Cluny Macpherson (physician)
|Died||November 16, 1966 (aged 87)|
St. John's, Newfoundland, Canada
Canadian (after confederation)
|Known for||Inventor of the British Smoke Hood|
|Board member of|
Eleanora Barbara Thompson (O.B.E., Dame of Order of St. John of Jerusalem)
(m. 1902; died 1964)
|Relatives||Harold MacPherson (brother)|
Cluny Macpherson was born in St. John's, Newfoundland to Campbell Macpherson and Emma Duder. He had a brother, Harold.
Macpherson received his early education at Methodist College and at the McGill University Faculty of Medicine from 1897–1901 where he earned his degree in Medicine. He also volunteered with the Royal National Mission to Deep Sea Fishermen, which later became known as the Grenfell Mission. Macpherson began his medical career at the Royal Infirmary of Edinburgh. In 1902 he returned to Newfoundland joining the Labrador Mission begun by Dr. Wilfred Grenfell and ran the hospital in Battle Harbour. Remaining there until 1904. He also served as a special constable and justice of the peace. Macpheron later became a director of the Newfoundland and the International Grenfell Associations. He later helped develop the Seamen's Institute (later called the King George V Institute), another Grenfell project. Returning to St. John's, Macpherson opened a private practice, and eventually became the leading practitioner in Newfoundland.
Macpherson started the first St. John Ambulance Brigade in Newfoundland after working with the St. John Ambulance Association. The Brigade had three divisions in St. John's. When World War I broke out, members enlisted in the Newfoundland Regiment. Macpherson organized the volunteers into an Ambulance Unit, which continued throughout the war.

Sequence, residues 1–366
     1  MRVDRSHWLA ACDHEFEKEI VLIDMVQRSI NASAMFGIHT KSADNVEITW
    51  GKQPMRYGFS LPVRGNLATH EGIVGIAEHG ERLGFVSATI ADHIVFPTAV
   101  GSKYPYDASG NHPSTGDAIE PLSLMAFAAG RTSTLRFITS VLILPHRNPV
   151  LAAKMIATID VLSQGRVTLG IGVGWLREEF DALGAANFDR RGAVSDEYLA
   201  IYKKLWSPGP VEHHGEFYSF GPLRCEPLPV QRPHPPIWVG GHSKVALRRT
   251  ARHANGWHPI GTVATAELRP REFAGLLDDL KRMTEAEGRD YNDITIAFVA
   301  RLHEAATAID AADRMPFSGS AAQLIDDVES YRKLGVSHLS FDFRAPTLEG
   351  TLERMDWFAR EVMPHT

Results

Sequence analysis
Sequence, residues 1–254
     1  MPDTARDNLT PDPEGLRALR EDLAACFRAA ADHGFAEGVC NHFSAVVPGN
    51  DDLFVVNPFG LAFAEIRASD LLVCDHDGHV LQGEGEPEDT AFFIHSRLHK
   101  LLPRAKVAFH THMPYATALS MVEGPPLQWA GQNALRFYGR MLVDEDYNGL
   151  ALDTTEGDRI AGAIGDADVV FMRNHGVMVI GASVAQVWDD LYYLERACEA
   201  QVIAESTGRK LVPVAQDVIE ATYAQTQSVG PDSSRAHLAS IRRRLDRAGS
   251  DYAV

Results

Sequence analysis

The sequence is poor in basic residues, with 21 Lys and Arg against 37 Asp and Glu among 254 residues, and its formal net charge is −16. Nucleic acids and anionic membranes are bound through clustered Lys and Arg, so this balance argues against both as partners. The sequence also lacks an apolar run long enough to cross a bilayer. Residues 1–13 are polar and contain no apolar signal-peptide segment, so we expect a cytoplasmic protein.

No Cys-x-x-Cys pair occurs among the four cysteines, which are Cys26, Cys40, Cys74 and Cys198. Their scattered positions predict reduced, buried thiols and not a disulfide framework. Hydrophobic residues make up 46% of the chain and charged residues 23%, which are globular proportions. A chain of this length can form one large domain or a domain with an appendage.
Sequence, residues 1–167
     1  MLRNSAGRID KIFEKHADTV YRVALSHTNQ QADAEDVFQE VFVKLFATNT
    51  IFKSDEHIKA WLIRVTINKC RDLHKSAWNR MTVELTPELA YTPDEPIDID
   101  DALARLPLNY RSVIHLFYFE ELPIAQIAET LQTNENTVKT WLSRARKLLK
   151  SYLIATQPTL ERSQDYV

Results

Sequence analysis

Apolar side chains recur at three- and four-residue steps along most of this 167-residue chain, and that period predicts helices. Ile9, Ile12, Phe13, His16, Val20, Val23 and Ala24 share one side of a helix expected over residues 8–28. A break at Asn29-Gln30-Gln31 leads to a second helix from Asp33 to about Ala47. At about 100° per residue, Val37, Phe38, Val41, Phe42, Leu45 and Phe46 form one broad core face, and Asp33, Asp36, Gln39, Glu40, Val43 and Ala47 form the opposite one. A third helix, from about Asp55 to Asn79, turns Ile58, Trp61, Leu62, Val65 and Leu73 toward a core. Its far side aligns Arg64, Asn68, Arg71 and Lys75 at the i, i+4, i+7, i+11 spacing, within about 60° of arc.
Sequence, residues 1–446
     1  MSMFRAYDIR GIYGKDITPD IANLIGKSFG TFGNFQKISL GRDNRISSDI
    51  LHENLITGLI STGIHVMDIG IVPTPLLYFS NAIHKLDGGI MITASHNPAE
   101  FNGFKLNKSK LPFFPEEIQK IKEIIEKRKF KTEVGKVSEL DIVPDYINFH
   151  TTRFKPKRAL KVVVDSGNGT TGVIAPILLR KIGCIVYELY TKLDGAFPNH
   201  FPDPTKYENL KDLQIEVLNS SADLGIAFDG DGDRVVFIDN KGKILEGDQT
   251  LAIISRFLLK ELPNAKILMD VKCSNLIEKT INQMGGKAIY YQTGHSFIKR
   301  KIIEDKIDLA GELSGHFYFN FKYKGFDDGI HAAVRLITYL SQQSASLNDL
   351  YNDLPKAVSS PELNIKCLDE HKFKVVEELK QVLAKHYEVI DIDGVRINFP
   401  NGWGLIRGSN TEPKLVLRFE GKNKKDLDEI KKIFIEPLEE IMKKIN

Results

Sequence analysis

World War I
At the outset of World War I in August 1914 Macpherson was commissioned as a captain and Principal Medical Officer of the newly formed 1st Newfoundland Regiment. He served as the principal medical officer for the St. John Ambulance Brigade of the first Newfoundland Regiment during World War I. He saw on active service in Belgium and France, at Salonika and later at Gallipoli, and in Egypt. His work was mentioned in despatches twice.
The German army used poison gas for the first time against Allied troops at the Second Battle of Ypres, Belgium on April 22, 1915. As an immediate response, cotton wool wrapped in muslin was issued to the troops by 1 May and followed by the Black Veil Respirator, a cotton pad soaked in an absorbent solution which was secured over the mouth using black cotton veiling. Seeking to improve on the Black Veil respirator, Macpherson created a mask made of chemical absorbing fabric and which fitted over the entire head. A 50.5 cm × 48 cm (19.9 in × 18.9 in) canvas hood treated with chlorine-absorbing chemicals, and fitted with a transparent mica eyepiece. Macpherson presented his idea to the War Office Anti-Gas Department on May 10, 1915, with prototypes being developed soon after. The design was adopted by the British Army and introduced as the British Smoke Hood in June 1915; Macpherson was appointed to the War Office Committee for Protection against Poisonous Gases. More elaborate sorbent compounds were added later to further iterations of his helmet (PH helmet), to defeat other respiratory poison gases used such as phosgene, diphosgene and chloropicrin.